2 2/3 stars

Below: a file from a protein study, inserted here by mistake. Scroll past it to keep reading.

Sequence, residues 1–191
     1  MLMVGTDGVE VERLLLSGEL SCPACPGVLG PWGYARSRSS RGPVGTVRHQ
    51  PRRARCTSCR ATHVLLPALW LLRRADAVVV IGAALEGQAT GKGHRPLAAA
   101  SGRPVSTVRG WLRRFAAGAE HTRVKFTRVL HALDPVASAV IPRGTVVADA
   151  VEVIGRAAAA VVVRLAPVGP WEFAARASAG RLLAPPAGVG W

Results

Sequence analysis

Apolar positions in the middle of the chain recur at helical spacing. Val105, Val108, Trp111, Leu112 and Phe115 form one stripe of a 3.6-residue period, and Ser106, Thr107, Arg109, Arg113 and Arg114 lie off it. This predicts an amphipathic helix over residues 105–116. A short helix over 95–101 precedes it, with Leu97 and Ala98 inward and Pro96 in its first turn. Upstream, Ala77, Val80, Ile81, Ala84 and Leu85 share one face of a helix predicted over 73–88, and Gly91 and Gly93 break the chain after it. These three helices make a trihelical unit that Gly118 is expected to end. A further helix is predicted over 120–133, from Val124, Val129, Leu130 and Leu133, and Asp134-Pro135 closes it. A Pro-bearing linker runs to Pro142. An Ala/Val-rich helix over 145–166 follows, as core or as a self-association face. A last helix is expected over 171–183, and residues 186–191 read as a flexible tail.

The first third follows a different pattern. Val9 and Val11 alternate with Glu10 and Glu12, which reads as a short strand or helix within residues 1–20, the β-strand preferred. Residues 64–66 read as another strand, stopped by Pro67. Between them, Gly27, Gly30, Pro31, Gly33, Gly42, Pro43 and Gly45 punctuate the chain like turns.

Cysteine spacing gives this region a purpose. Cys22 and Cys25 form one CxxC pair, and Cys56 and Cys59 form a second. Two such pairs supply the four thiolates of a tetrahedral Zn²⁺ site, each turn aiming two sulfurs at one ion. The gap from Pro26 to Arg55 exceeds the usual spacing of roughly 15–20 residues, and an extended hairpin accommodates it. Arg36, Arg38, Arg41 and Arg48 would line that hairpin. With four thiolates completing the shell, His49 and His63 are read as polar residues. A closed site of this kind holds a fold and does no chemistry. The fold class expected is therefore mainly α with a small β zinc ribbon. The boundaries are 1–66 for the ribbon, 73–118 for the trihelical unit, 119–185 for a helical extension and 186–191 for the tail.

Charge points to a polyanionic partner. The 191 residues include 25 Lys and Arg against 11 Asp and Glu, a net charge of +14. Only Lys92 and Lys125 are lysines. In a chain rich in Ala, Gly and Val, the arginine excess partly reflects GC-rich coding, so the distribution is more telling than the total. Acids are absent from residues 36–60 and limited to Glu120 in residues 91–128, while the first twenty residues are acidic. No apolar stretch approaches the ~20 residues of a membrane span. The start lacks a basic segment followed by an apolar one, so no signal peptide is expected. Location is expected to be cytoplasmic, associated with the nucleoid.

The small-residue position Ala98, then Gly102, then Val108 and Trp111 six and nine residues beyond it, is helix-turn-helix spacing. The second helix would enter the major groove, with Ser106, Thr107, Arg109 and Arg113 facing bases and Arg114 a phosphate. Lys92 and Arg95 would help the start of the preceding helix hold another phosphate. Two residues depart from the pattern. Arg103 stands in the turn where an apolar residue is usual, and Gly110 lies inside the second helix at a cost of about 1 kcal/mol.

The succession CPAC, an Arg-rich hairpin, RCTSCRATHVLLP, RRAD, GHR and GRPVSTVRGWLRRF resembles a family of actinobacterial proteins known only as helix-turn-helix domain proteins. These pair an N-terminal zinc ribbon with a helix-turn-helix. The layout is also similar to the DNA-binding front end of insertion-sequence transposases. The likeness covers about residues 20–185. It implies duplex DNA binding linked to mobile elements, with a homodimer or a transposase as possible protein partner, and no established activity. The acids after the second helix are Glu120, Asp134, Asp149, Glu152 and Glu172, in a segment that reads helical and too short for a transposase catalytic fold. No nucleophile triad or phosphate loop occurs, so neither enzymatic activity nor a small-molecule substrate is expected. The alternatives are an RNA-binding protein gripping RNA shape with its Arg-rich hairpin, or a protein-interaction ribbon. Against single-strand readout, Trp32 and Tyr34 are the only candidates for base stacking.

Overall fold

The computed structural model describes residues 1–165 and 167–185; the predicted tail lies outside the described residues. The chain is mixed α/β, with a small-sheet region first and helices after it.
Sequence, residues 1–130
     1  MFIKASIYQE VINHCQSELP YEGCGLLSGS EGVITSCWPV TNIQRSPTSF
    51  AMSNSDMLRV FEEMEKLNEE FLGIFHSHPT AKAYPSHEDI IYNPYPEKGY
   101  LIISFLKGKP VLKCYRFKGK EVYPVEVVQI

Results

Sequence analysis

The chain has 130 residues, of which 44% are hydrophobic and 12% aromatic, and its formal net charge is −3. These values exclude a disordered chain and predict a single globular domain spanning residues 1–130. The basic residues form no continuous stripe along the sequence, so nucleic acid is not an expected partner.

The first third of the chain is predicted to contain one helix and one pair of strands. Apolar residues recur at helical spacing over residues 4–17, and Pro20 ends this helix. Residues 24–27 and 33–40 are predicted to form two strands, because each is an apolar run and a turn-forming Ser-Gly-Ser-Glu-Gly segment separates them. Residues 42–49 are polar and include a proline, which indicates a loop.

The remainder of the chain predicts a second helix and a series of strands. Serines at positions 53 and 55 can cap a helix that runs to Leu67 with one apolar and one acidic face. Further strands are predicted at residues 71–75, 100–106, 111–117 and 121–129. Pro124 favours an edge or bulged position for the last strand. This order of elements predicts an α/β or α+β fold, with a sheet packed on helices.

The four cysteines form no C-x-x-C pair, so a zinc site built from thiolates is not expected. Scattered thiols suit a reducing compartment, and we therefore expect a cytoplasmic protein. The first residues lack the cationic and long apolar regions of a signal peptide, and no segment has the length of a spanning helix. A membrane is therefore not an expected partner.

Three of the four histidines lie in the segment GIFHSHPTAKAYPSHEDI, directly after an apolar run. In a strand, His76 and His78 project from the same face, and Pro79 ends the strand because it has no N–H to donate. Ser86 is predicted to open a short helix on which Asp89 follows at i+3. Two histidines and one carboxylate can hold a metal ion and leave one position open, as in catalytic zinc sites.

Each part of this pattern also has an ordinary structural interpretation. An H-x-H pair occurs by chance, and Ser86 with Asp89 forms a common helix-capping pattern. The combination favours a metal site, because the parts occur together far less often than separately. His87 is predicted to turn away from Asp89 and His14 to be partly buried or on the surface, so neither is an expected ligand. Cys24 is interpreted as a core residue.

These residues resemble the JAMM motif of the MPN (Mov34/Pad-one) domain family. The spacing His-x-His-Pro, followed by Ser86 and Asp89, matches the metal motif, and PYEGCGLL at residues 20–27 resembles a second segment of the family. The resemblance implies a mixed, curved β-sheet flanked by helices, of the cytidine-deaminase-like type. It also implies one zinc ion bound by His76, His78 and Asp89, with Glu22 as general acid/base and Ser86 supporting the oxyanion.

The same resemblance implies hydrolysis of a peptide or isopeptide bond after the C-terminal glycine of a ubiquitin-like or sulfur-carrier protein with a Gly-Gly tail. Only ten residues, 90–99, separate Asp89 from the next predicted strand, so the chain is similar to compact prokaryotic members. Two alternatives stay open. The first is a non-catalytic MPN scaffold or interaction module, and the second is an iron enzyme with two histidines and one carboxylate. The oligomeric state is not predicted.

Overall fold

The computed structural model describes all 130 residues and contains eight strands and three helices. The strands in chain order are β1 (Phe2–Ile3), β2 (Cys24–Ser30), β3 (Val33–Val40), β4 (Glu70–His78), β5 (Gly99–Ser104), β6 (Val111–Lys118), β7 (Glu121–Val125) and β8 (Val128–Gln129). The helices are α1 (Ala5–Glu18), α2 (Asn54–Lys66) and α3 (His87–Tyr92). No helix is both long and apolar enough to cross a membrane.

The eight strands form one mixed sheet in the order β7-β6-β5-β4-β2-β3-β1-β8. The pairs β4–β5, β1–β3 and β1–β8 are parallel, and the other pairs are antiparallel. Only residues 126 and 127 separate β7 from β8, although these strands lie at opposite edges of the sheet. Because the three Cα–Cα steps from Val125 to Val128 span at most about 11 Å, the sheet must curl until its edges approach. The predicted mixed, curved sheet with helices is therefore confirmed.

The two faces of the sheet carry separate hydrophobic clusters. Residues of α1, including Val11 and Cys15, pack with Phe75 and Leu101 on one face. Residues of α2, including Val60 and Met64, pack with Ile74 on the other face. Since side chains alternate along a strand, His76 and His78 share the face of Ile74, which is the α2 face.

It took gaining more maturity before I stopped being judgmental about people’s hobbies or interests. When someone used to show me the items they collected, if it was not something that interested me, I would ask myself why anyone would collect such stuff. It did not matter if it was porcelain dolls, sports paraphernalia or ceramic elves; I had no understanding on what was the attraction. When I started working on my personal growth, something clicked inside of me. Who was I to judge someone on the things that brought them enjoyment? What I discovered was how much I admired the passion these people displayed when showing or talking about their interests. To be in touch with such feelings and find enjoyment in whatever it is you do, is something I consider to be a positive attribute. So when Jane Hayes, played by Keri Russell (Dark Skies, August Rush), decided to pursue her passion by spending her life savings on a trip to England, to submerge herself into the world of Jane Austen; I did not have a problem with it. Obsessed with the character of Mr. Darcy from Jane Austen’s book “Pride and Prejudice,” Jane wanted to find the type of love that would sweep her off of her feet. She was to find much more than that when she arrived at the Austen themed resort managed by Mrs. Wattlesbrook, played by Jane Seymour (Wedding Crashers, Somewhere in Time). I found the Jane Austen angle interesting in this romantic comedy. Maybe it was because of this theme, but I would have thought the producers would have hired the best writers possible to do justice to this movie. It did not happen; the script was stale and unimaginative. Jennifer Coolidge (Legally Blonde, Epic Movie) who I have enjoyed in the past, came across like a predictable cartoon character playing Miss Elizabeth Charming. As for Keri, this was not a good performance from her; I did not feel any connection to her bland character. The only one that came across with any real emotion was J.J. Field (Centurion, Blood: The Last Vampire) as Mr. Henry Nobley. It seemed odd to do a film about a woman’s passion for such an iconic author only to create a dull movie.